Since our inception we have served 216 children.


•    Two federally funded research studies, The Women’s Interagency HIV Study and HIV Epidemology Study begin to study women and HIV/AIDS.
•    A group of women from the Junior League of Memphis begin to investigate the need for HIV related childcare, led by Junior League member Holley McGehee.
•    The group begins to organize a Board of Directors.


•    Junior League President is Lucia Crenshaw.
•    AIDS becomes the leading cause of death for all Americans ages 25 to 44.
•    Hope House holds its first Board of Directors’ meeting and incorporates.
•    The Junior League group begins searching for a property to house the organization.
•    With the help of former Senators Roscoe Dixon and Curtis Person, Hope House receives support from the state to help start services.


•    By the end of this year, 500,000 cases of AIDS have been reported in the U.S.
•    The property located at 23 S. Idlewild is purchased and renovated with the generous support of the Plough Foundation and the Assissi Foundation.
•    A 15 passenger van is purchased.
•    Hope House opens (8/5/95) 3 days a week with 5 children.
•    Junior League President is Anne Curtis, who has served as a Hope House board member.


•    Grew to serving 37 children, 5 days a week.
•    Women now account for 23% of AIDS cases in the U.S., as opposed to only 7% in 1985.


•    Hope House Preschool opens to meet growing demand for pre-kindergarten education options for children living in poverty.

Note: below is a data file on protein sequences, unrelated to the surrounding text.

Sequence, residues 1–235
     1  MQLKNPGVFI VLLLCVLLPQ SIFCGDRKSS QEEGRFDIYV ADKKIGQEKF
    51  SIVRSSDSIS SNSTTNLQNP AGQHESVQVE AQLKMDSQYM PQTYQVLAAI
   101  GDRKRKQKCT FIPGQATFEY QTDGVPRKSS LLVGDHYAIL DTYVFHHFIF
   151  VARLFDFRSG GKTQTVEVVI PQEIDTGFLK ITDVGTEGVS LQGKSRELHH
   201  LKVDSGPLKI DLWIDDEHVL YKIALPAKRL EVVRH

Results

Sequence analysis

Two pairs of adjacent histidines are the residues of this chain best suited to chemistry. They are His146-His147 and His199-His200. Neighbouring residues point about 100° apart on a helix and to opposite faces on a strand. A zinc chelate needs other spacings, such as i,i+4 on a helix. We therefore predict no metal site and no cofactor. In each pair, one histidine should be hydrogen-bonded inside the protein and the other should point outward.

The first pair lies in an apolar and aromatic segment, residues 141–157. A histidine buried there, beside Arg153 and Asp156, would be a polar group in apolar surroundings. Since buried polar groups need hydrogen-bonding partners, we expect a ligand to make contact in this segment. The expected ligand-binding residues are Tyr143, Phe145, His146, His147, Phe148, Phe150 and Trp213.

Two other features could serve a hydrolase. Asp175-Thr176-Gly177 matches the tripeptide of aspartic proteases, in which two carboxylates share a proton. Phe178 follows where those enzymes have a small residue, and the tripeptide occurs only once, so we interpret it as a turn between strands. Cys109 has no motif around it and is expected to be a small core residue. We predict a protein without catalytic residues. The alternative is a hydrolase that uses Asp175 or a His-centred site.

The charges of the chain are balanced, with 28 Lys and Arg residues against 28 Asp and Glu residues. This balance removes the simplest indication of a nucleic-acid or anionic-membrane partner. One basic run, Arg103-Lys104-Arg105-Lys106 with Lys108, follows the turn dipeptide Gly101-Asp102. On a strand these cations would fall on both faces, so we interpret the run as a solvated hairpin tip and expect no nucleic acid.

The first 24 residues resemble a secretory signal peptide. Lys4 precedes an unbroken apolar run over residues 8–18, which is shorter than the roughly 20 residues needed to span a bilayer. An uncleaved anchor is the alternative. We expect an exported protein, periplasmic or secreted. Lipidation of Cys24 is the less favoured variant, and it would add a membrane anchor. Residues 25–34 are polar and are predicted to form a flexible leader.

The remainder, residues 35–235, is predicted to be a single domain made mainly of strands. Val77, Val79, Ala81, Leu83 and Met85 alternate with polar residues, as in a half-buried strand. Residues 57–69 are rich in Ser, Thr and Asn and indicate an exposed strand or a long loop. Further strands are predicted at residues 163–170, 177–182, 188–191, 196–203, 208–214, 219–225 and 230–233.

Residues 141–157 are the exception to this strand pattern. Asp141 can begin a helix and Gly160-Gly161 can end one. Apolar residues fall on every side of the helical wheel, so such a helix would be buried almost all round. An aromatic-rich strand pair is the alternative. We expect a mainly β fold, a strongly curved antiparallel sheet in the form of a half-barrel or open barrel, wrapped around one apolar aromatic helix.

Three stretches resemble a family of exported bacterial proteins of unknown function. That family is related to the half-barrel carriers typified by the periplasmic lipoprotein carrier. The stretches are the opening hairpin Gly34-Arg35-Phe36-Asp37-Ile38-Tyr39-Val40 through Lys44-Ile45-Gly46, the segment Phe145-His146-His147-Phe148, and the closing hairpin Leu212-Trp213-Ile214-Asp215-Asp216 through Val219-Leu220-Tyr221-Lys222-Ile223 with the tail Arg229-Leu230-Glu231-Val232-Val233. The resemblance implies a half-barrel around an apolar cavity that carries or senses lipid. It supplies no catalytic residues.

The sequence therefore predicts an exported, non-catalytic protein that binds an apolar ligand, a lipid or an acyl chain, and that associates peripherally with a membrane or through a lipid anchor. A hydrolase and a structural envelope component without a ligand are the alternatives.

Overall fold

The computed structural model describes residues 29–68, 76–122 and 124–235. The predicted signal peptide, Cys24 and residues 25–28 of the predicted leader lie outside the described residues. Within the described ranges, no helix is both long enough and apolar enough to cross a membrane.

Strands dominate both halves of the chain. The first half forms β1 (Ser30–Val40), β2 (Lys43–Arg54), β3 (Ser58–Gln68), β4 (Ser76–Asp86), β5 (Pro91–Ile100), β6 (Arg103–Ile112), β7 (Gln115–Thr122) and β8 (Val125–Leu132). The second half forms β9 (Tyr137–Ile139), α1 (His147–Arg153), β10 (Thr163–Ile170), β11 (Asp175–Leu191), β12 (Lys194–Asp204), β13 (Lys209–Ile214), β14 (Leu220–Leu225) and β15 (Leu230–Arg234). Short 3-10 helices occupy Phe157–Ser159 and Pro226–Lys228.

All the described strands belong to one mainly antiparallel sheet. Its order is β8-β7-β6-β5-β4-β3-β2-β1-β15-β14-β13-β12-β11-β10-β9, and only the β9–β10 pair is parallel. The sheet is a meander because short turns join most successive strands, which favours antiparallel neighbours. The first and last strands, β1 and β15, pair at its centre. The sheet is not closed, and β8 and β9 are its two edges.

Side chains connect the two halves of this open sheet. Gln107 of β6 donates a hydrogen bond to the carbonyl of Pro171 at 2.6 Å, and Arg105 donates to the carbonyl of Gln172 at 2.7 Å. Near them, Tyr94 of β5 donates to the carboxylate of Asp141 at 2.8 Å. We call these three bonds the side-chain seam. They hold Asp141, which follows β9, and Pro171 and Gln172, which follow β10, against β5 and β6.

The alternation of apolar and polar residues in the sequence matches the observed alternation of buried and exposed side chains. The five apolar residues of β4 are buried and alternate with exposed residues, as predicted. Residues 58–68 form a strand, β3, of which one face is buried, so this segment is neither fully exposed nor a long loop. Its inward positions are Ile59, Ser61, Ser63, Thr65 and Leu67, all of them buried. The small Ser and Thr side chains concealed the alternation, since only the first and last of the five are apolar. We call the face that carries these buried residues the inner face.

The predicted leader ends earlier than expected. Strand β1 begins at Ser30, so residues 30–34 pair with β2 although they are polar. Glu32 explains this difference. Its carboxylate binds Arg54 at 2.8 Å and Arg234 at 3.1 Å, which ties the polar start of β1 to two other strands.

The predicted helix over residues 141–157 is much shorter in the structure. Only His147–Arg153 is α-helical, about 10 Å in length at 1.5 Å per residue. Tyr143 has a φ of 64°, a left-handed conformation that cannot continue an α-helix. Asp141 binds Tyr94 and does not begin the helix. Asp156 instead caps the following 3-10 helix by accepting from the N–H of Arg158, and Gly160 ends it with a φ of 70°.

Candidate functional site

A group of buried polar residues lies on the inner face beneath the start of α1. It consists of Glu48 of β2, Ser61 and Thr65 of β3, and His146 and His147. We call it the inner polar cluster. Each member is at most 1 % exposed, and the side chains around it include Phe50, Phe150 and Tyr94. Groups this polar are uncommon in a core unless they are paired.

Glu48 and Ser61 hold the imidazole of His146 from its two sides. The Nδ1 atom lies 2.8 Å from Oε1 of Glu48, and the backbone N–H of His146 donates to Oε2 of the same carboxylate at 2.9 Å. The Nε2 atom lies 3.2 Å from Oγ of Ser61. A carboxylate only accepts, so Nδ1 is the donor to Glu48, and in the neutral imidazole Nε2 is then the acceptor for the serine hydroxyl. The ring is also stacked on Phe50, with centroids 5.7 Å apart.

•    Worldwide 10 million young people, aged 15-24 and almost 3 million children under 15 are living with HIV.


•    3rd house opens.
•    We are able to provide full scale adult services.
•    Play Therapy services begin and as a result have eliminated expulsions from the school due to behavior issues.


•    HIV disproportionately affects people of color who are living in poverty. The CDC reports that African Americans account for more than half of new HIV infections in the U.S.
•    Hope House provides a housing program to help place homeless adults and families in safe, affordable housing.


•    Hope House receives its national accreditation from the National Association of Education of Young Children (NAEYC).


•    Hope House becomes a Shelby County School partner.


•    Hope House introduces the Transition To Success as new service delivery model in an effort to continue to reduce the rate of poverty among person living with HIV/AIDS in Shelby County.